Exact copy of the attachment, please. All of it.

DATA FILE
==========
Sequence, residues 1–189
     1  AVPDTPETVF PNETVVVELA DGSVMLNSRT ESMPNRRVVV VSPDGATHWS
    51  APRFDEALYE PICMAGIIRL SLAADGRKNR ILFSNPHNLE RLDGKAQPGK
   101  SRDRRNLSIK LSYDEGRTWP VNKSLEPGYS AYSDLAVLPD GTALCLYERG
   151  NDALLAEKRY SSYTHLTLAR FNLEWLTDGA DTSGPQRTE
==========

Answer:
Sequence, residues 1–189
     1  AVPDTPETVF PNETVVVELA DGSVMLNSRT ESMPNRRVVV VSPDGATHWS
    51  APRFDEALYE PICMAGIIRL SLAADGRKNR ILFSNPHNLE RLDGKAQPGK
   101  SRDRRNLSIK LSYDEGRTWP VNKSLEPGYS AYSDLAVLPD GTALCLYERG
   151  NDALLAEKRY SSYTHLTLAR FNLEWLTDGA DTSGPQRTE